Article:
Reviews

Janet Nicol

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Fiction Reviews

The Motorcyclist
by George Elliott Clarke.
Toronto, ON: HarperCollins, 2016
288 pp; $16.99

George Elliott Clarke, an accomplished poet, playwright and essayist, turns his considerable talent to writing a novel offering a protagonist infrequently portrayed in Canadian literature.  The Motorcyclist depicts a year in the life of Carl Black, a young black man in post-war Halifax.  Told with energetic and lyrical prose, the author, a Toronto-based writer born and raised in Windsor, Nova Scotia, was inspired by the motorcycle diary of his father.  Clarke creates a character who is neither hero nor anti-hero, but rather one man attempting to negotiate his way within an environment that is limiting, laden with ‘British’ culture and potent with hostility.    A ‘player’ in the dating world, Carl juggles dates with several females at a time as the novel progresses, aiming for conquest without entanglement.   His pre-occupation with sexual gratification drives the plot, though not the novel’s ultimate message.

Carl’s other passions include his motorcycle, the ‘Liz 11’ (also referred to as the ‘BMW’ after its model designation).   He has an appetite for high, low, white and black culture—despite only having a grade 10 education.  Artistic and talented, he is frustrated with work at the railway yard and dreams of a better situation.

Carl also has buddies—one black friend will “steal” his ‘girl’, others join him on motorcycle rides.     The lingo of the era lends an authenticity to the narration and echoes Beat generation authors, as this description of Carl illustrates:    “So he desires Coloured chicks and white dolls (the Playboy school of Integration).  He loves Beethoven, Bach, and his BMW.  He classifies himself as the most incongruous—most conspicuously debonair—Negro in all of Nova Scotia.”

Carl perceives and articulates life through a racial lens.  There are  history/sociology lessons in this novel too.   Black women are realistically portrayed—holding family together and frequently abandoned, beaten but still striving.  A back beat to the novel is periodic insertions of newspaper headlines Carl will glimpse, providing reminders of the wider North American culture in 1959.

Despite a liberalism which allows blacks in Nova Scotia to vote and marry whites, Carl’s damning ‘snapshot’ is of “white towns serviced by slapped-together black villages, while each white-ruled city fields a black shantytown.”  In comparison to the racially segregated American states, Carl believes Nova Scotia is “just a frosty salt-spray South.”

Depictions of landscapes Carl rides through on his motorcycle are sensual and gritty, as is this sketch of the port of Halifax:  “….the harbour piers, docks, wharves, storage tanks (here oil, there molasses), and multifarious vessels, some flapping sails and others belching smoke.  The smell is rousing, too:  fresh-caught mackerel vies with the Moirs Chocolates factory aroma; and there’s the salt-water-laden gusts off the Atlantic, plus the diesel fumes of some cargo ships and the oily odours of other vehicles.”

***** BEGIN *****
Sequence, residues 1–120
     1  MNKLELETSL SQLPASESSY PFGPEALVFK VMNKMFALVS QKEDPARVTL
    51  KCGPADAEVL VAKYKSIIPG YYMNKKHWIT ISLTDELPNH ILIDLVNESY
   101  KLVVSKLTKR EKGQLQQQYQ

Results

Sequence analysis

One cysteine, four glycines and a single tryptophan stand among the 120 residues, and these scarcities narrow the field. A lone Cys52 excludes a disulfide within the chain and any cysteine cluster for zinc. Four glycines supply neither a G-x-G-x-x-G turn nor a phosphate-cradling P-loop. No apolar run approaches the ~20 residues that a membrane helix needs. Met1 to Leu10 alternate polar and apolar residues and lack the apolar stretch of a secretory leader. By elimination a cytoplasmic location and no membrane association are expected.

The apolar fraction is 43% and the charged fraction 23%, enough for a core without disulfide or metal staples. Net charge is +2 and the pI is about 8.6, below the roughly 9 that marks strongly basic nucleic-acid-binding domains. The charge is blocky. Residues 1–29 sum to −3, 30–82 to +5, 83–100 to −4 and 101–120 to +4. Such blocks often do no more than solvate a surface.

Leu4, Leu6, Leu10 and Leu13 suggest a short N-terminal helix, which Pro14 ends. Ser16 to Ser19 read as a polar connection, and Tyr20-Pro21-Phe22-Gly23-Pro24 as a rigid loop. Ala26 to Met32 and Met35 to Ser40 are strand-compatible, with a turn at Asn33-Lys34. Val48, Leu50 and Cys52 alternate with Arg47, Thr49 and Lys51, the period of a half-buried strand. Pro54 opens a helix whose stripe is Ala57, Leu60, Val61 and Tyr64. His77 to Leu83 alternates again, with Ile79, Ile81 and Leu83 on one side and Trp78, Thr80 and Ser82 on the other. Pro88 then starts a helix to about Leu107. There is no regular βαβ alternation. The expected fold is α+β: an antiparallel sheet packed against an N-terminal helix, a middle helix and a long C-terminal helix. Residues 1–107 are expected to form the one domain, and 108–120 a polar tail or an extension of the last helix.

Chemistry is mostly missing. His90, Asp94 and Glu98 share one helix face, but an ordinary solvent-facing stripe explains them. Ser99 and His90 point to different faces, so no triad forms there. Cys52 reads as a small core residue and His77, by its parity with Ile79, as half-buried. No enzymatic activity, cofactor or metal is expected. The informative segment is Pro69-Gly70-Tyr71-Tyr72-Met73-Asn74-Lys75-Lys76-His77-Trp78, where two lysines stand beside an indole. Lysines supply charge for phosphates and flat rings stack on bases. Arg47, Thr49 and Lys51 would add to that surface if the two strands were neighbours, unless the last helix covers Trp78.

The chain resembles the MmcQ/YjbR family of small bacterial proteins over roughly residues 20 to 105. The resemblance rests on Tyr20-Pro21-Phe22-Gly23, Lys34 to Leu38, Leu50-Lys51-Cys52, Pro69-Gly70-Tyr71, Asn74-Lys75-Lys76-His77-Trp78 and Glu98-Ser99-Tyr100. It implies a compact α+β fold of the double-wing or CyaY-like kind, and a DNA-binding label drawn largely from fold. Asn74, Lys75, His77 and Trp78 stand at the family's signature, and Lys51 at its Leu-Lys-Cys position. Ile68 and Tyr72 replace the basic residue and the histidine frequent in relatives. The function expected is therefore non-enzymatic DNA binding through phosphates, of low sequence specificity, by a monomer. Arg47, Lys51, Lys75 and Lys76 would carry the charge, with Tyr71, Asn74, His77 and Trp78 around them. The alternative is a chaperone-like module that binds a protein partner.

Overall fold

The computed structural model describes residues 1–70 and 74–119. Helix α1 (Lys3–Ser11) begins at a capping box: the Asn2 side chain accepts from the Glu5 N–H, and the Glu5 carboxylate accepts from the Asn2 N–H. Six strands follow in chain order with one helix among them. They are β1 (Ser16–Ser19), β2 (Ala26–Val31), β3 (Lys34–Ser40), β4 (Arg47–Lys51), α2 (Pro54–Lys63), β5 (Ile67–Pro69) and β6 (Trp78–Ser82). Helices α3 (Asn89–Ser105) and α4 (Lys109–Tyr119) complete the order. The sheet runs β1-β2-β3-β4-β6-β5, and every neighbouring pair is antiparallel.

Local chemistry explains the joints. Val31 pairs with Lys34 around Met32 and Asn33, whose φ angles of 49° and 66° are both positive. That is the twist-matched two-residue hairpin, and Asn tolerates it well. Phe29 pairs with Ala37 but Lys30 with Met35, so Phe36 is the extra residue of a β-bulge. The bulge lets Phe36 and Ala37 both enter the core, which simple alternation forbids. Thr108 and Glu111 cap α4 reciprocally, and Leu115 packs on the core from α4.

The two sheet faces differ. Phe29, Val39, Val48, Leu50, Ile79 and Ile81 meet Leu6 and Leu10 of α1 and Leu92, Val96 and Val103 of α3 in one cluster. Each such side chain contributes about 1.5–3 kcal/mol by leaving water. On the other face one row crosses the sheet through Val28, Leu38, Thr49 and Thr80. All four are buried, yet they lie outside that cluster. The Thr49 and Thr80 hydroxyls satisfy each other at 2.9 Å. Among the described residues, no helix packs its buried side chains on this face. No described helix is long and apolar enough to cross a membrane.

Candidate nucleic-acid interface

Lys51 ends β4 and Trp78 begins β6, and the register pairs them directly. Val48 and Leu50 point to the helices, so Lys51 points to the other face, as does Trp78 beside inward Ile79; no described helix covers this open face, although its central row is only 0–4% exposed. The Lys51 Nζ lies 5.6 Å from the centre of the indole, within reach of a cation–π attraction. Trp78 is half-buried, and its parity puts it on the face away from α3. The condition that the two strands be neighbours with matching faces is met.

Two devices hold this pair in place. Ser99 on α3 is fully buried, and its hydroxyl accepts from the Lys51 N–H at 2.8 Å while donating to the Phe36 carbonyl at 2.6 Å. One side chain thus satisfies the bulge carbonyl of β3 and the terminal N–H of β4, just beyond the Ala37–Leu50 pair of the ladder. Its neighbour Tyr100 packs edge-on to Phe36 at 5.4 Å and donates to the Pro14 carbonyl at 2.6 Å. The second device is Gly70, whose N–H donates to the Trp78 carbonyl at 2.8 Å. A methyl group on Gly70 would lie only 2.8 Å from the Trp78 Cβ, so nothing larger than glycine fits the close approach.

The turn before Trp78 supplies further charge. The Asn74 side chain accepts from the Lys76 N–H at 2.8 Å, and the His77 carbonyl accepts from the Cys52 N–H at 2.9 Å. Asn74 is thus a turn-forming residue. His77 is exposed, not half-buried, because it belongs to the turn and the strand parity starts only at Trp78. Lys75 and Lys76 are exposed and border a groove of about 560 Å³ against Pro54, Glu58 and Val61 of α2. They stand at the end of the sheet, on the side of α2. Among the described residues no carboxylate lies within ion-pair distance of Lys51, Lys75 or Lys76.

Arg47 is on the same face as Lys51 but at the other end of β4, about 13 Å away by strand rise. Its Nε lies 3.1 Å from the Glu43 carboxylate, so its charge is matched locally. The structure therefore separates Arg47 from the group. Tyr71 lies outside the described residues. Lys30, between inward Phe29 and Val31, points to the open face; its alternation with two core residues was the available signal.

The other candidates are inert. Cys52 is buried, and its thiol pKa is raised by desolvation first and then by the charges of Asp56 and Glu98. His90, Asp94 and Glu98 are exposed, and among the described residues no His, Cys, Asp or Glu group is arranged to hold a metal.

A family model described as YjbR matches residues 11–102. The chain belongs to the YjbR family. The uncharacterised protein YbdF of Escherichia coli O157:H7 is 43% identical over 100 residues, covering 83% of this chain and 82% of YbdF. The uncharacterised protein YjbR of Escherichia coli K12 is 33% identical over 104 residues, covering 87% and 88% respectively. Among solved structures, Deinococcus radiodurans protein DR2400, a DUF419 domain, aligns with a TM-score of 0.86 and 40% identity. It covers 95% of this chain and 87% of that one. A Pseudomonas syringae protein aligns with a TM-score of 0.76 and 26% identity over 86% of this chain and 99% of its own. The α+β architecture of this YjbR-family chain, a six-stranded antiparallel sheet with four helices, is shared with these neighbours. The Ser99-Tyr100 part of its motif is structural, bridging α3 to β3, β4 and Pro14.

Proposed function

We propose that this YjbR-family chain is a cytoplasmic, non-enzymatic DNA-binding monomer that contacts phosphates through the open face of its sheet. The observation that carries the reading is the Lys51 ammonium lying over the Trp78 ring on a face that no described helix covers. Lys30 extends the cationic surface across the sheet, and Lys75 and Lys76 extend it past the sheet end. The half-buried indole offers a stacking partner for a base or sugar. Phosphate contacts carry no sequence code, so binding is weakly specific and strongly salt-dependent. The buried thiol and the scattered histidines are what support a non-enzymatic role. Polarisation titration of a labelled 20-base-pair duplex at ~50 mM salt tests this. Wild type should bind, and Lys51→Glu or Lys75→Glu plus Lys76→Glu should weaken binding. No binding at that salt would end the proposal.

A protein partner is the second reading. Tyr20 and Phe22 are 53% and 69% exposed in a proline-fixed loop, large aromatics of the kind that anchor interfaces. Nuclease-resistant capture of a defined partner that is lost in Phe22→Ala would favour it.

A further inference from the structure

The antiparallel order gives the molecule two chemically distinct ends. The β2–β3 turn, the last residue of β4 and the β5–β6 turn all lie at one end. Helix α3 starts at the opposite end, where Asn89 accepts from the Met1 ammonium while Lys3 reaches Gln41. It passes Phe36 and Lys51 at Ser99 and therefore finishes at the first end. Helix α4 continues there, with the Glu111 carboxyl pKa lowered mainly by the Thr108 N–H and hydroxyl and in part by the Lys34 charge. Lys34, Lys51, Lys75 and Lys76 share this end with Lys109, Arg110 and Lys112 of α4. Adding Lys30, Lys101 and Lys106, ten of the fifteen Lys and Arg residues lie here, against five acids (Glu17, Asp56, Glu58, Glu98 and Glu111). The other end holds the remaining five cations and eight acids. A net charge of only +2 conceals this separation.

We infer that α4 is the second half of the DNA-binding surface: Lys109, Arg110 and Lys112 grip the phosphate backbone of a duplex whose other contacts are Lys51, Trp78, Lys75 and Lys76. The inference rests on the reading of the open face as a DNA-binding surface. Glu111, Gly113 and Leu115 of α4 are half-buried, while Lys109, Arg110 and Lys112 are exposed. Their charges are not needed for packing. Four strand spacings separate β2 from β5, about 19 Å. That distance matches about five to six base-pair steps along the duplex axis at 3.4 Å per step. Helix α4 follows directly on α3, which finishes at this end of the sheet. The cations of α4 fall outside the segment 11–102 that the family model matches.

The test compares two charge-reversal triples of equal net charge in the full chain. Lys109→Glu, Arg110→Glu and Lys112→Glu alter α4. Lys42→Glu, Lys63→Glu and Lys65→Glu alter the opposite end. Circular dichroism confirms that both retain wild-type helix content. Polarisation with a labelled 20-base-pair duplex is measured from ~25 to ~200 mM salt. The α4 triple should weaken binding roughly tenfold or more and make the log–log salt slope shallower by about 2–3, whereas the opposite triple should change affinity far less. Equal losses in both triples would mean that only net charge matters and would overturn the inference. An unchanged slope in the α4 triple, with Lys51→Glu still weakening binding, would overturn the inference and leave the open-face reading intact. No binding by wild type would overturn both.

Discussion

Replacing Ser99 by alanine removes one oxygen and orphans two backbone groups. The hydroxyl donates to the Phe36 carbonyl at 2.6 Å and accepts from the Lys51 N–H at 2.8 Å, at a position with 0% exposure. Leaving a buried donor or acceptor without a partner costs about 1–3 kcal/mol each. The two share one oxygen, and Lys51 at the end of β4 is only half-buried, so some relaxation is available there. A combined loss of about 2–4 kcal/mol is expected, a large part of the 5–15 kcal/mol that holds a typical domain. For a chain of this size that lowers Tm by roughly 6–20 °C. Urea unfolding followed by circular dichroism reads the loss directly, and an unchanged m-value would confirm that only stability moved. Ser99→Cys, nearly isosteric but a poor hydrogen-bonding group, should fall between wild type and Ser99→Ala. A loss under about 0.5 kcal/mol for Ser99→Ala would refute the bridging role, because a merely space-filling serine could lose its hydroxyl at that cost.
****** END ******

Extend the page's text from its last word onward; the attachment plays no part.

Carl’s world view includes the city’s social and racial divide.   On one side of Halifax is the ‘leafy South End’ where some ‘Negroes’ are maids to the wealthy white families and on the other, a “rat-infested” North End where most ‘Negroes,’ live.  ‘Coloureds,’ (as black people were called), avoided the South End at night, Carl observes, fearing they would be mistaken for prowlers or prostitutes.  Black peoples’ lives have been “pinched” Carl believes:  “Their static mobility was to shuttle daily from black warrens to white burgs where they could own no property nor travel after sundown and perform heart-crushing toil for minuscule coins.”

Carl’s motorcycle is his liberator: “….Carl fears the CNR has him penned up and pinned down—like a stallion, a Black Beauty, corralled by railway tracks and outpaced by those steel wheels.  No wonder he’s got to jump on Liz II and have his Freedom…..”

A solo trip on the ‘Liz 11’ to New York City provides one such breath of fresh air.    Liberated in this most liberal of North American cities, Carl soaks up great performances  at the Apollo Theatre in Harlem, takes in Broadway plays and art galleries, and savours the varied restaurant fare.  He’s too busy enjoying to write lengthy diary entries as one excerpt shows:   “See large party on at Rockefeller Centre.  Jukebox blasts jazzy chaos.  Ginsberg’s Howl as interpreted by Howlin’ Wolf.”

Carl’s interactions with the women he meets, white and black, do much to propel him forward and ultimately influence his destiny.    Among them is Laura States, a student at the teacher’s college in Windsor, “”where the States clan—of ex-U.S. slave descent—settled.” She is “kicking up her heels” in Halifax when she meets up with Carl.  “Her skin is pass-for-white cream,” Carl observes, “but Laura’s dark sable eyes hint at her Negro cum Micmac mix.”  Another portrait is of Muriel Dixon, a nursing student who is “a liquorice-coloured woman, with a jutting, horizontal bosom, straight black hair, violet lips, and mocha-sweet eyes….”

Each tryst provides a narrative thread building a web of Carl’s own making.  While the sexual play is not subtle, the epiphanies are.  As Carl’s diary entries comes to an end, the author leaves much for both Carl and the reader to ponder.    Beautifully crafted, close to the bone in its offered perceptions and true to the context of time and place,  “The Motorcyclist” is entertaining and thoughtful, a must read for Canadians on both sides of the racial divide.

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